Grainline Studio has made it on the list a second time for the knit t-shirt pattern, the Lark Tee. Comes with sleeve and neckline variations. I have not made this pattern before, but it gets good reviews from other sewers. Let us know what you think!
Sewaholic Patterns are a favorite of many sewers and of course they have a basic shirt pattern. This comes with sleeve and neckline variations including a cowl neck! I have not made this pattern before, but there are loads of reviews out there.
StyleArc has some of the most interesting and innovative patterns out there right now. It's easy to overlook a basic in their vast selection of patterns. I have not tried this pattern before, but one of our sewers will be sharing their pattern hack of this in a few weeks!
After you have a basic shirt pattern picked out, you'll want to make sure you have all the necessary supplies for "hacking" your pattern.
1) Pattern Paper - I recommend two different kinds:
- Perfect Pattern Paper by Palmer/Pletsch - This paper is the same paper used by McCall Pattern Company for all their patterns. It also has grid lines which make it easy to use (no need to measure!)
- Medical Table Paper - You know when you go to the doctor and sit on the examining table? There is usually a roll of tissue paper on the table that they tear off when you leave the room. This paper is durable yet pliable to adjust to the curves on your body. It's great for tracing or drawing long continuous pieces. Steve's Sewing in King of Prussia, PA carries it and they just so happen to sell it online! (Pamela from Pamela's Patterns teaches classes there and recommends this paper too.)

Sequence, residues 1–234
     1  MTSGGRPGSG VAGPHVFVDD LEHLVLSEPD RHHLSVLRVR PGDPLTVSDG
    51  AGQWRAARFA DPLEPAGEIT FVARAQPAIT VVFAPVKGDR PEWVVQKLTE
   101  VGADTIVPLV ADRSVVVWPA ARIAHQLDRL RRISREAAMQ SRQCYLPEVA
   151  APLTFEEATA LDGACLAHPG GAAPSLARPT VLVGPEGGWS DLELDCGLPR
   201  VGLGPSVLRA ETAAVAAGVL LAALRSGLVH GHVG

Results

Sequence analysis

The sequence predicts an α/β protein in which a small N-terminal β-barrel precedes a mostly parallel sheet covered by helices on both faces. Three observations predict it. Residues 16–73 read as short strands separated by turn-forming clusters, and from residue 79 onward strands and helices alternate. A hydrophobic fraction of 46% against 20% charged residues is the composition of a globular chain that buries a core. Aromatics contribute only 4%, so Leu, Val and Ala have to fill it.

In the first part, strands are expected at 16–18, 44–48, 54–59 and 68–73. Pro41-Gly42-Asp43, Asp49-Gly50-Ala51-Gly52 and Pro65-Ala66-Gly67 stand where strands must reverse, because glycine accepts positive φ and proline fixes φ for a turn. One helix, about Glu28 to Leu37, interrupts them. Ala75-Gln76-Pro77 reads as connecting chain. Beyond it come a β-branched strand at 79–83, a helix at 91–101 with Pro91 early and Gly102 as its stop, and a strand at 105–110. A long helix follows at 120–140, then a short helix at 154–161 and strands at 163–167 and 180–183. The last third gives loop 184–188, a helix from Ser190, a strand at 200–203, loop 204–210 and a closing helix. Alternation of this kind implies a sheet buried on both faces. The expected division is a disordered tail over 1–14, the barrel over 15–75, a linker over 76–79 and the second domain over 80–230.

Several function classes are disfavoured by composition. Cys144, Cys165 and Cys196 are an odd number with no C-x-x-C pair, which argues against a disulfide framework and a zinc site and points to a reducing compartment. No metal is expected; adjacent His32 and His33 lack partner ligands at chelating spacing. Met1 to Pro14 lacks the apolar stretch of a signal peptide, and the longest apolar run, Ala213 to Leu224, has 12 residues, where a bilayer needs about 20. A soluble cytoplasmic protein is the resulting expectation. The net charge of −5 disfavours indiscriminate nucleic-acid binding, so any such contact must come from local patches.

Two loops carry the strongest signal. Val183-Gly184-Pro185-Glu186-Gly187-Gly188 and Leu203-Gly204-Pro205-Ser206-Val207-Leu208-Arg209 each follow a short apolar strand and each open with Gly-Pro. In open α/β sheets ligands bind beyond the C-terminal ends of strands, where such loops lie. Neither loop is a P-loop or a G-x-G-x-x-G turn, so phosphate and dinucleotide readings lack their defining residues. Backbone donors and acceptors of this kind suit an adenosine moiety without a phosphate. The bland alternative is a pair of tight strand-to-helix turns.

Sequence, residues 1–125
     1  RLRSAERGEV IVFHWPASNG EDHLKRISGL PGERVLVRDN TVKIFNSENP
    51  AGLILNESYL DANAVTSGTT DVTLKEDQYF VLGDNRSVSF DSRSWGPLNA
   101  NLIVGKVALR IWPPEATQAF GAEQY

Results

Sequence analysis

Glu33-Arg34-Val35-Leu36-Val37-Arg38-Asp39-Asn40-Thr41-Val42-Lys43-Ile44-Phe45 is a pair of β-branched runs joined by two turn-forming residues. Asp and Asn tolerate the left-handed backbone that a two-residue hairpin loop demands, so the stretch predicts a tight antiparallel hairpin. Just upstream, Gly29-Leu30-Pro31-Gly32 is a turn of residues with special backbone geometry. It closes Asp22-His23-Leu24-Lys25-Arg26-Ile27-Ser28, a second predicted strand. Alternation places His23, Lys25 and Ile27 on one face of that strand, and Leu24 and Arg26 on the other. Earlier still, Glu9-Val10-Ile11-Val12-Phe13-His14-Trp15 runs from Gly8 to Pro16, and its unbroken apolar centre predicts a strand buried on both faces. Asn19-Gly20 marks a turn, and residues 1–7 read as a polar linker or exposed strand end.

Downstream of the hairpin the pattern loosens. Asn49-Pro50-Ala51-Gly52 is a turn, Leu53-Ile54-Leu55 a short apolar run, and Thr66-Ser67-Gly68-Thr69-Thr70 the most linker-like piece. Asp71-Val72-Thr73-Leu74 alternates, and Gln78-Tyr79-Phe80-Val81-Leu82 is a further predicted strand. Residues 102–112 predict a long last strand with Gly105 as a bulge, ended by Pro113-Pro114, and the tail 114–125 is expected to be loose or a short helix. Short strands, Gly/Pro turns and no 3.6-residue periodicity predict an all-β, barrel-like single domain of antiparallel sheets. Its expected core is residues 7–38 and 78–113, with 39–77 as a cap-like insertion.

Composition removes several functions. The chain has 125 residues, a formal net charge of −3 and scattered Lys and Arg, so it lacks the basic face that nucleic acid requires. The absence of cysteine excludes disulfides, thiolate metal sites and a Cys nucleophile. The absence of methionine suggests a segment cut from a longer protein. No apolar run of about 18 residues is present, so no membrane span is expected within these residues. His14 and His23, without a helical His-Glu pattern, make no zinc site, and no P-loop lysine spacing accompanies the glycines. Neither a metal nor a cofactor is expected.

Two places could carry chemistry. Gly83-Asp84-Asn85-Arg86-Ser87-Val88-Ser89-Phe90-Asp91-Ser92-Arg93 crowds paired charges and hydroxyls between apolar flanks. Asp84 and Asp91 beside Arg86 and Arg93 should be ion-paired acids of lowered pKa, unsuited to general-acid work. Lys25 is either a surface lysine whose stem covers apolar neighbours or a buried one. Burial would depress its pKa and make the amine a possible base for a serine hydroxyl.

2) Marking Pens, Pencils and Chalk - Have an array of different marking tools for both paper and fabric.
3) Measuring tools - I recommend having small, hand held measuring tools and longer measuring tools for longer lines. The hand held tools are perfect for small measurements .
4) Cutting tools and surface - Rotary cutters, scissors (paper and fabric). Don't forget to use the appropriate cutting surface such as a self healing mat if using a rotary cutter.
6) Scotch tape
7) Ideas and imagination! We have created a board on our Pinterest page which features t-shirt hack ideas. Check it out HERE.
I hope this has inspired you to join us in the fun! Next week, Jenny will share a pattern hack on the Concord T-shirt by Cashmerette Patterns. Mark your calendars!
Every Monday throughout the summer, we will share with you a pattern hack on a t-shirt pattern. I have lined up some of our Fabricistas as well as sewing experts such as Pamela from Pamela's Patterns! (And others, too!)
Don't forget you can sew along with us at home. Share you t-shirt pattern hacks (new ideas you have and ideas that we have shared with you) on Facebook and Instagram using #FMSummerofTshirts. At the end of the summer, we will compile all the people that used the hashtag and you will be entered into a random drawing for $75 gift certificate to Fabric Mart!
Write your comments, I'd love to hear what you think of this. Do you have a favorite t-shirt pattern that was not mentioned? Share it with us!
See you next week!